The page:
'Tarawa' doc spurs rescue mission, sequel

Film centers on a former commander in 1943 battle

Steven Barber's indie doc "Return to Tarawa: The Leon Cooper Story," which was made for peanuts, is having a payoff.

Not only did the investigative piece play to stalwart ratings on Discovery's Military Channel, but it might have played a role in getting Congress to authorize a recovery effort on the far-off atoll of the film's title to search for remains of Marines missing in action during World War II.

According to Barber, the soon-to-take-place recovery mission will be "'CSI'-style," using what he calls "the largest forensic anthropology lab in the world," while his own company, Vanilla Fire Prods., goes along to document the effort.

Barber is scouting for a narrator to follow in the footsteps of Ed Harris, who voiced the original doc.

The working title of the follow-up is "Tarawa: The Un-Recovered."

In the original film shot in 2008, Barber and a film crew went out to the atoll of Tarawa in the island nation of Kirabati accompanied by the 88-year-old Cooper, who had been a 22-year-old Higgins Boat commander in the 1943 Battle of Tarawa in which 1,113 Marines were killed in a three-day span.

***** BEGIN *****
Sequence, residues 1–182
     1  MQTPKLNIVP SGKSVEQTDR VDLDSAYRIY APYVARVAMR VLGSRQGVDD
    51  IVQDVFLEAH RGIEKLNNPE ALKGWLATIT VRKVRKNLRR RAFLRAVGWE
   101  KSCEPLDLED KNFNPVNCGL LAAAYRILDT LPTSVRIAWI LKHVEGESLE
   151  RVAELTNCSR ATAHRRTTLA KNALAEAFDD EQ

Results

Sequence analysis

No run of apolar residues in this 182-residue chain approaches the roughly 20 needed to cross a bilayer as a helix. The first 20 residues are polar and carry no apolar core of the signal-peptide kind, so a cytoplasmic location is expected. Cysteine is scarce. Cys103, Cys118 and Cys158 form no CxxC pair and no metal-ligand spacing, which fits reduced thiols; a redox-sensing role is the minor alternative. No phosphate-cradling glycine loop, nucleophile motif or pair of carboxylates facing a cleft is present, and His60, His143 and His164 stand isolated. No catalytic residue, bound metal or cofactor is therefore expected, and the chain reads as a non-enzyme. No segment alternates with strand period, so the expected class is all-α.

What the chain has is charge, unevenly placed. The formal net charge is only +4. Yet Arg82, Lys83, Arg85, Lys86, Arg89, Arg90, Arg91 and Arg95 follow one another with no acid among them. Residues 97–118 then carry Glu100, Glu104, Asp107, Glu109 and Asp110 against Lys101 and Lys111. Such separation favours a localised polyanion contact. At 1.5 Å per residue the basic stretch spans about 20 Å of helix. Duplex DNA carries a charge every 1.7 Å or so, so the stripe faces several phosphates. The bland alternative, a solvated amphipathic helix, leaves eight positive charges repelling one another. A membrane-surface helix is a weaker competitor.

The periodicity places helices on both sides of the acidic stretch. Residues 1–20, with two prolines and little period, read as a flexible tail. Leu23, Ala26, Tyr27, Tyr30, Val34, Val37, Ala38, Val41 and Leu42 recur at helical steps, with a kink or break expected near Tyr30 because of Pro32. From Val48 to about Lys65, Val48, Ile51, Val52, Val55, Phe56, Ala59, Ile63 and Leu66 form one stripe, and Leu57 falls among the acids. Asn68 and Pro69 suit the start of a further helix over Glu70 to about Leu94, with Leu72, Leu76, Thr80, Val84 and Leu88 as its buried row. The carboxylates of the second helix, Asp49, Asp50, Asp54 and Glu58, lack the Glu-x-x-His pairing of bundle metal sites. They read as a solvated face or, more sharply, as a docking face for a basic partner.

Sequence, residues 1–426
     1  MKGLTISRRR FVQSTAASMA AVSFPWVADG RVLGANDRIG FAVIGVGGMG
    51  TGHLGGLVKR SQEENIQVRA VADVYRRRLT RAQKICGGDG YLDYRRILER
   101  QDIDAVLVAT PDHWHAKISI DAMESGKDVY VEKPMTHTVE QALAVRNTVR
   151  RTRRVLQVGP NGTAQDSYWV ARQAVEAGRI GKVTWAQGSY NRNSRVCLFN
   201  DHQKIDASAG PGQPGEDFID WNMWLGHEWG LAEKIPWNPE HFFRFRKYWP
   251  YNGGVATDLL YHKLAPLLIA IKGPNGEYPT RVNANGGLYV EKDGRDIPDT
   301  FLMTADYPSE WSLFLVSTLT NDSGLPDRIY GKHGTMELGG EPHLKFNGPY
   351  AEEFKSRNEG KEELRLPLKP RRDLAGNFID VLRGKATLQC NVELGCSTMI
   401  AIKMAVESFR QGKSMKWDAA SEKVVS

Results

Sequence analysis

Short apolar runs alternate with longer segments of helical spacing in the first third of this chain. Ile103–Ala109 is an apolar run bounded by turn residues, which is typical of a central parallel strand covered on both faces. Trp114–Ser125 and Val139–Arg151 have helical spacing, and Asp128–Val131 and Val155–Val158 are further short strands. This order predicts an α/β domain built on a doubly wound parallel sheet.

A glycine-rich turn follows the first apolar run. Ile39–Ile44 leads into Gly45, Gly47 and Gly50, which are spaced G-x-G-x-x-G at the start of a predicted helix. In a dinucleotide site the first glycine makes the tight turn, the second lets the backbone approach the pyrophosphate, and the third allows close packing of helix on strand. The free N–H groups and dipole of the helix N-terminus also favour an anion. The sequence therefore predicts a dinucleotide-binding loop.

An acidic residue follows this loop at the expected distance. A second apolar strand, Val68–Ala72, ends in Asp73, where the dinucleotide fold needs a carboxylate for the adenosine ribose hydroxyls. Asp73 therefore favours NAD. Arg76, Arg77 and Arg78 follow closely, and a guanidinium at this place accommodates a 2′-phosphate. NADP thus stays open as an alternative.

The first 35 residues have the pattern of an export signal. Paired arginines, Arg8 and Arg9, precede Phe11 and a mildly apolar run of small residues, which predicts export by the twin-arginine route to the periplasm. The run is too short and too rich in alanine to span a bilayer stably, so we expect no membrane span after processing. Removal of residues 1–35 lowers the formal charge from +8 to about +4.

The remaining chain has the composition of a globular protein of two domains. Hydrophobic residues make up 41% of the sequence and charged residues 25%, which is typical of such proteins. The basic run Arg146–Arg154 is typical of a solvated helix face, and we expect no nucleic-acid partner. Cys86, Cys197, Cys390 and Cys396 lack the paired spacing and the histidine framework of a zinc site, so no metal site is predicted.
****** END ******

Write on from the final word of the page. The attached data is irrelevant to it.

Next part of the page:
While on the island, Barber heard rumors of lost Marines whose remains were never repatriated. After the broadcast on the Military Channel, Barber and Cooper received hundreds of e-mails from families seemingly corroborating the rumors.

Barber is now doing interviews in Hawaii for the doc and then will embed for a month with forensic specialists as they begin excavations on Tarawa. "The possibility of finding Marines from the battle is very high," he said.

The budget for preproduction and shooting of the second pic is about $50,000.